Children work in ability pairs to compare and contrast Dairy of a Wombat and The Cat’s Journey. They explain and justify their thoughts and then sort their ideas onto a Venn diagram.

Day 3 Teaching
Read The Cat’s Journey. Remind the children it is written from the perspective of the cat. Discuss how the cat’s owner may interpret the events of the story and how their thoughts may be different from the cat. Recount each stage of the story, from the owner’s perspective. Write ideas as a short diary extract.
Activity
Children work together in small mixed groups to write a diary extract for part of the story, from the perspective of the cat’s owner. Children orally rehearse each sentence and write it using correct punctuation.

Group Readers

The Cat's Journey
The Cat's Journey by Ruth Merttens. The cat recounts her long journey in simple language, making it accessible to children who still struggle to read. What makes this a ‘must’ are the original and idiosyncratic illustrations, which carry the story forward simply and effectively.

You can purchase printed copies of this Group Reader from Hamilton Education.

SPAG
Unit 4 SPAG: Conjunctions for Subordination
(suggested as 3 days)

You Will Need

Optional Texts
Diary of a Wombat by Jackie French

Group Readers
Angry Cat (provided below)

Planning and Activities

Day 1 Teaching
Introduce Angry Cat. Read the text aloud and encourage the children to join in. Display an independent clause and model how to use because or when to extend the sentence. Orally explore and prepare a range of extended sentences.
Activity
Children work in ability pairs to compose a variety of extended sentences. They orally explore how to combine an independent and subordinate clause using a subordinating conjunction. They select the most effect sentence, and record their ideas.

Day 2 Teaching
Display and read the four conjunctions for subordination as well as a range of independent clauses. Demonstrate using each conjunction for subordination to create an extended sentence. Read an example diary entry, written by Angry Cat. Identify clauses.
Activity
Children work in ability pairs to write a diary entry from the perspective of the Angry Cat. The children recount an event that made the cat angry. They write in the first person and the past tense and also include conjunctions for subordination to write a range of extended sentences.

Day 3 Teaching
Explain that the children will think of advice to give Angry Cat, to help prevent her from being cross. Identify different strategies to control temper and extend each idea using a subordinate clause. Model writing a correctly punctuated, extended sentence.
Activity
Children work in small teams to collectively identify advice they would share with Angry Cat. Children prepare and write an extended sentence. Together the children rehearse presenting their ideas to their peers.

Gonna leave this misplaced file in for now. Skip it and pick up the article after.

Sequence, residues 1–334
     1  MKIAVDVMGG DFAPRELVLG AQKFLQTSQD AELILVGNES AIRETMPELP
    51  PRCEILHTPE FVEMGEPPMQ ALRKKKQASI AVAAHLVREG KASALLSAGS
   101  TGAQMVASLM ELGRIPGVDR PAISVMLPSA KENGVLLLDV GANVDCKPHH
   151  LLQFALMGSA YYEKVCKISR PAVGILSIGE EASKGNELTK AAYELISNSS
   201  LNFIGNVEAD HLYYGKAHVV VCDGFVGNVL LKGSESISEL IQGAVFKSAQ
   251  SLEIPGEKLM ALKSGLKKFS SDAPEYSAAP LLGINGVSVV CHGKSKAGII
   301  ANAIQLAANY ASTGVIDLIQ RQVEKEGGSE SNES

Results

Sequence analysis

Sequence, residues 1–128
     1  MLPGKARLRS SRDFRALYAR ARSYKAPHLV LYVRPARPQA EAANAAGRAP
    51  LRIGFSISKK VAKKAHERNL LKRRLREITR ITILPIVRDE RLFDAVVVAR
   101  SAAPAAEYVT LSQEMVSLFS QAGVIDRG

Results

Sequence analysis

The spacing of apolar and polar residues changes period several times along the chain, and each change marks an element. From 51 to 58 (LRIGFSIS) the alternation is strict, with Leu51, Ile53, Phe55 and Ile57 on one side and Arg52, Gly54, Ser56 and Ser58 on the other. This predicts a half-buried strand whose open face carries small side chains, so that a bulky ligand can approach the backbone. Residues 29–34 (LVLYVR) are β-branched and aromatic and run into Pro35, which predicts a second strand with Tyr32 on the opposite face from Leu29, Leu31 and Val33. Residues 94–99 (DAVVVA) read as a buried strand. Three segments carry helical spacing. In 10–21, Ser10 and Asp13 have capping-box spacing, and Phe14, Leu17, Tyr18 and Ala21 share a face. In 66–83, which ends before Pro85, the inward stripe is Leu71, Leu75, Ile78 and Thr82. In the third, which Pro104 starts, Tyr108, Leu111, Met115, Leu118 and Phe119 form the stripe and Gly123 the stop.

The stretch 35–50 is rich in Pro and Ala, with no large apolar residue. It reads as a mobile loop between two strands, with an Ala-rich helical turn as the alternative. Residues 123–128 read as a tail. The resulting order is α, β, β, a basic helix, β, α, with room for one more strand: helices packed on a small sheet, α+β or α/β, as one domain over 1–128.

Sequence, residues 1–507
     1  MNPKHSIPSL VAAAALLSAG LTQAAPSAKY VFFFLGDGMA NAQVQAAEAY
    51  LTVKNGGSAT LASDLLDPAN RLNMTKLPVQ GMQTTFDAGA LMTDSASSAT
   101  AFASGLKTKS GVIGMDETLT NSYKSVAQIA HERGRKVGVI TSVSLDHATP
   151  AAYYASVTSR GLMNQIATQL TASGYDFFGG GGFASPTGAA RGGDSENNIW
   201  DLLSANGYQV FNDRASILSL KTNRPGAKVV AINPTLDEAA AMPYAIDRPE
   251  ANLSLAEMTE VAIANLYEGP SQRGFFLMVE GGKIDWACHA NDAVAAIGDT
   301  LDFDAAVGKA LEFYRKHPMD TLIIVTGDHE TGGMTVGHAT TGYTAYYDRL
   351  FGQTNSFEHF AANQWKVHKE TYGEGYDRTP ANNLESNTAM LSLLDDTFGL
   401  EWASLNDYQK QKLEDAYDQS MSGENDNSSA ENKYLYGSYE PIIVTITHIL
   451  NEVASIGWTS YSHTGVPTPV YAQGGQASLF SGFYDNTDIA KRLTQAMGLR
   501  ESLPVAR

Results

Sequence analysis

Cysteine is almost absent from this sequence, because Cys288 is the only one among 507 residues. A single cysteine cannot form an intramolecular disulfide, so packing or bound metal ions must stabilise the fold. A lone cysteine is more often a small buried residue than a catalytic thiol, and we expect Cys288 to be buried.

Group Readers

Angry Cat
Children will explore feelings with this charming tale of a very angry cat! The simple repeated structure and beautifully drawn illustrations will encourage emerging independent readers to engage with the story and draw parallels with their own feelings as they follow cat’s tale.

You can purchase printed copies of this Group Reader from Hamilton Education.

Composition
Unit 5 Composition: Write an animal diary
(suggested as 4 days)

Planning and Activities

Day 1 Teaching
Introduce and enjoy Diary of a Wombat. Discuss information about wombats, conveyed through the story. Identify British wild animals. Select an animal and display a non-fiction text about them. Read the information and make notes about them.
Activity
Children work in mixed ability groups. Each group select a different British wild animal and use non-fiction texts to research information about them. They discuss what mischief their animal may cause! They record their ideas as notes.

Day 2 Teaching
Read Diary of a Wombat. Explain that a diary is a chronological recount, written in the first person and the past. Use the research notes, from Day 1, to write single words or phrases, in the past, to describe the daily activities of a native British animal.
Activity
Children work independently to consider and describe the daily activities of their chosen animal, over the course of 5 days. They write their ideas as single words or short phrases, in the past.

Day 3 Teaching
Say the children will begin to write a diary for a native British animal. Display the activities written in Day 2 and a range of conjunctions for subordination. Model using the conjunctions to orally build a range of extended sentences, suitable for each diary day.
Activity
Children work independently to orally rehearse a range of sentences suitable for the beginning of their alternative animal diary. Children use conjunctions for subordination to ensure they include examples of extended sentences. Children write their ideas using correct punctuation and neat handwriting.

Day 4 Teaching
Say the children will finish writing their animal diary. Read through the writing from Day 3 and model how to edit and improve it. Display the activities written in Day 2. Model finishing the diary. Write each sentence, using correct punctuation and neat handwriting.
Activity
Children work independently to edit and improve the beginning of their diary. They then complete their diaries, applying the modelled extended sentences, punctuation and careful handwriting.